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Gagnon v. Hal P. Gazaway and Associates, LLC

United States District Court, D. Alaska

September 19, 2019

Rebecca Gagnon, Plaintiff,
Hal P. Gazaway and Associates, LLC, Defendant.




         At docket 9, defendant Hal P. Gazaway and Associates, LLC (“Defendant”) moves to dismiss the complaint filed by plaintiff Rebecca Gagnon (“Plaintiff”). In the alternative, Defendant asks the court to stay this case pending resolution of a state court case which is set for trial on July 13, 2020. While Plaintiff does not mention it in his motion, the request to dismiss the complaint is clearly brought pursuant to Fed.R.Civ.P. 12(b)(6). Plaintiff responds at docket 10, and Defendant replies at docket 13. Oral argument has not been requested and would not assist the court.


         Defendant sent a letter dated September 26, 2017, to Plaintiff (“the Letter”). The Letter advised Plaintiff that she had failed to pay Defendant’s client Alpine Village Condominium Association the sum of $371.99 due on the first of each month commencing on October 1, 2013. Prominently displayed in a box above the salutation, the Letter proclaimed, “The purpose of this letter is to collect a debt.” The Letter went on to state that as of October 1, 2017, Plaintiff would need to pay $3,155.32, consisting of monthly dues and special assessments of $2,545.32 plus late charges of $360 and attorneys’ fees of $250, to cure her default. The Letter further advised that if the payment were not made in 30 days, a foreclosure proceeding would be commenced and that once a foreclosure was commenced, the amount to be paid would increase to a higher amount as specified in the Letter.[1]

         Plaintiff brings her complaint pursuant to the Fair Debt Collection Practices Act[2](“FDCPA”). Her complaint sets forth two claims for relief. In Count 1 she alleges that Defendant violated 15 U.S.C. § 1692g(a), which would entitle Plaintiff to recover damages pursuant to 15 U.S.C. § 1692k(a).[3] Count II alleges Defendant violated 15 U.S.C. § 1692e, which would also entitle Plaintiff to recover damages pursuant to 15 U.S.C. § 1692k(a).


         Rule 12(b)(6) tests the legal sufficiency of a plaintiff’s claims. In reviewing such a motion, “[a]ll allegations of material fact in the complaint are taken as true and construed in the light most favorable to the nonmoving party.”[4] To be assumed true, the allegations, “may not simply recite the elements of a cause of action, but must contain sufficient allegations of underlying facts to give fair notice and to enable the opposing party to defend itself effectively.”[5] Dismissal for failure to state a claim can be based on either “the lack of a cognizable legal theory or the absence of sufficient facts alleged under a cognizable legal theory.”[6] “Conclusory allegations of law . . . are insufficient to defeat a motion to dismiss.”[7]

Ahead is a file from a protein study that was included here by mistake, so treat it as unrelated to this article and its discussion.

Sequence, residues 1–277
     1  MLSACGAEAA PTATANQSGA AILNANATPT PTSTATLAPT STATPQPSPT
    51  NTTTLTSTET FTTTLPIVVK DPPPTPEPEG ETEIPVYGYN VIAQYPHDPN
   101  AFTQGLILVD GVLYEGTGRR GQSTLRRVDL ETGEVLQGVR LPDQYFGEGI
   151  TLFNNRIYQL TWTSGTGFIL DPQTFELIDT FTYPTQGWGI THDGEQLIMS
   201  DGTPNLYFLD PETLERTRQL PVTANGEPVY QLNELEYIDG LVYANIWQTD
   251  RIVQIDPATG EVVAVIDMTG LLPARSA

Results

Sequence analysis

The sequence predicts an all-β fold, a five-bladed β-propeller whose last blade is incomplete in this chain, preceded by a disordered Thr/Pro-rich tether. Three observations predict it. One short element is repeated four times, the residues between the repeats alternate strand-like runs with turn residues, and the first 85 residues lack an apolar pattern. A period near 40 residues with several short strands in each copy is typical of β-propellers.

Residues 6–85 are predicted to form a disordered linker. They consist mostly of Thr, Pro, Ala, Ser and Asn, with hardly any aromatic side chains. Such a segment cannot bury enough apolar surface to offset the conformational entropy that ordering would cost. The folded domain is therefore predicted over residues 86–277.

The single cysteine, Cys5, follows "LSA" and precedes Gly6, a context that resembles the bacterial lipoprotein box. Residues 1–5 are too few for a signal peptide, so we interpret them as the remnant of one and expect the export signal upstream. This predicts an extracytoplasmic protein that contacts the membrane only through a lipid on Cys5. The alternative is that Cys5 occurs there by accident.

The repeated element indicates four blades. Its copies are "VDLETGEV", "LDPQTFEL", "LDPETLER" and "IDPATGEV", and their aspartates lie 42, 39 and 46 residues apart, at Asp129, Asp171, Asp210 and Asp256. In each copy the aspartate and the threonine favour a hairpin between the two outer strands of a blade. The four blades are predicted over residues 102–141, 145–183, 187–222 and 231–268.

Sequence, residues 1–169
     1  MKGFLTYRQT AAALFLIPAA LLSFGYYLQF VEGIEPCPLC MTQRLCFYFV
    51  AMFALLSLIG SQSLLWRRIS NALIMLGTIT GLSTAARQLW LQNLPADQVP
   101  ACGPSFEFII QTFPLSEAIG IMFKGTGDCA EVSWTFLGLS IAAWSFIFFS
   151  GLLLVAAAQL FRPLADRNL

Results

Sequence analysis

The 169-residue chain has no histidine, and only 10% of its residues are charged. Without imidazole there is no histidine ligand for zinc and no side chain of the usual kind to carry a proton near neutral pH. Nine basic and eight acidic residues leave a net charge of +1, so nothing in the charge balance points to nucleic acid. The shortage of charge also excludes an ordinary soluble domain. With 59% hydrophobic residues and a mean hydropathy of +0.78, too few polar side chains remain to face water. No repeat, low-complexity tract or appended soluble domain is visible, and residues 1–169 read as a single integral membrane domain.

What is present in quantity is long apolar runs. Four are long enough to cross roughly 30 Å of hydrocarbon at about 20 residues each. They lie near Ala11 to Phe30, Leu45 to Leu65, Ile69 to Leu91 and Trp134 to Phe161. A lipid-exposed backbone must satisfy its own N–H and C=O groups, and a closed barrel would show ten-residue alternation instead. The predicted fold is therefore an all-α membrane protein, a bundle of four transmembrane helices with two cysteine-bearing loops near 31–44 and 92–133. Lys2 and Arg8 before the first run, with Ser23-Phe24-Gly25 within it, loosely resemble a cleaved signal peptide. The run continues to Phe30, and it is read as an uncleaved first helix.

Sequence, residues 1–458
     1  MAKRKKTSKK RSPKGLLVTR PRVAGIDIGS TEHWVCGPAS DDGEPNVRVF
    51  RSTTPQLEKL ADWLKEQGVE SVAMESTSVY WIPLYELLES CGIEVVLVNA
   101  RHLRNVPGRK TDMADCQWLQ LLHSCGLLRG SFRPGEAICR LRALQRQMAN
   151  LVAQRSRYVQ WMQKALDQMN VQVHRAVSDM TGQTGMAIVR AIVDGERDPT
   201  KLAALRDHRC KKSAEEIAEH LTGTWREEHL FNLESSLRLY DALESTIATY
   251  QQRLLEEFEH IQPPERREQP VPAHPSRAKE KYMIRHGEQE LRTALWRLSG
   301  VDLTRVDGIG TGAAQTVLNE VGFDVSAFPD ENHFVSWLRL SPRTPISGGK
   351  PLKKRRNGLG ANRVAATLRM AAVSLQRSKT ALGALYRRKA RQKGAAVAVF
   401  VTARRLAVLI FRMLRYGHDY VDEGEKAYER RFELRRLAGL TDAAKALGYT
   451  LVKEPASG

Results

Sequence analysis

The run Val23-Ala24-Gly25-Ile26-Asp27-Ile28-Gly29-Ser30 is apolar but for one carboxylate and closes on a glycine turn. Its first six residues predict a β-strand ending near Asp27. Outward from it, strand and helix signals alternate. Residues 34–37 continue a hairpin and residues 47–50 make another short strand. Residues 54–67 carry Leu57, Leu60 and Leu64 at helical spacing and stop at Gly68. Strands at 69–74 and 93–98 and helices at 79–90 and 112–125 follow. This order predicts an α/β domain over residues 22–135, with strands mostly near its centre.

To avoid dismissal, a plaintiff must plead facts sufficient to “‘state a claim to relief that is plausible on its face.’”[8] “A claim has facial plausibility when the plaintiff pleads factual content that allows the court to draw the reasonable inference that the defendant is liable for the misconduct alleged.”[9] “The plausibility standard is not akin to a ‘probability requirement,’ but it asks for more than a sheer possibility that a defendant has acted unlawfully.”[10] “Where a complaint pleads facts that are ‘merely consistent with’ a defendant’s liability, it ‘stops short of the line between possibility and plausibility of entitlement to relief.’”[11] “In sum, for a complaint to survive a motion to dismiss, the non-conclusory ‘factual content,’ and reasonable inferences from that content, must be plausibly suggestive of a claim entitling the plaintiff to relief.”[12]


         Plaintiff alleges that Defendant regularly engages in the collection of consumer debt.[13] Under the Rule 12(b)(6) standard, the court must accept this allegation of material fact as true. Plaintiff also alleges that the Letter’s purpose is to collect a debt. That material fact cannot be disputed, because the Letter specifically states that such is its purpose.

         In Count I, Plaintiff contends 15 U.S.C. § 1692g(a) required Defendant to give her a debt validation notice within five days from the date of Defendant’s first communication with her. In Count I, Plaintiff also contends that 15 U.S.C. § 1692g(a)(3) required Defendant to inform her that she had thirty days from the receipt of the debt validation notice to request Defendant to provide her with proof of the debt’s validity. Plaintiff alleges that Defendant did not comply with either requirement. In Count II, Plaintiff contends that Defendant violated 15 U.S.C. § 1692e, because the Letter made a false representation about the character, amount or legal status of the debt it sought to collect.

         To support dismissal of Plaintiff’s claims, Defendant relies on its interpretation of the recent Supreme Court decision in Obduskey v. McCarthy & Holthus LLP.[14]Defendant argues that because it was attempting to complete a non-judicial foreclosure, it is not a debt collector under Obduskey and so cannot violate the FDCPA. This argument does not withstand scrutiny.

         In Obduskey, the Court considered an action brought against a law firm engaged to bring a non-judicial foreclosure on Obduskey’s home in Colorado. Colorado, like Alaska, has statutes which authorize non-judicial foreclosures. Obduskey argued that the law firm was a debt collector within the meaning of the FDCPA and that the law firm had violated the statute. The Court examined the FDCPA in detail and concluded that ...

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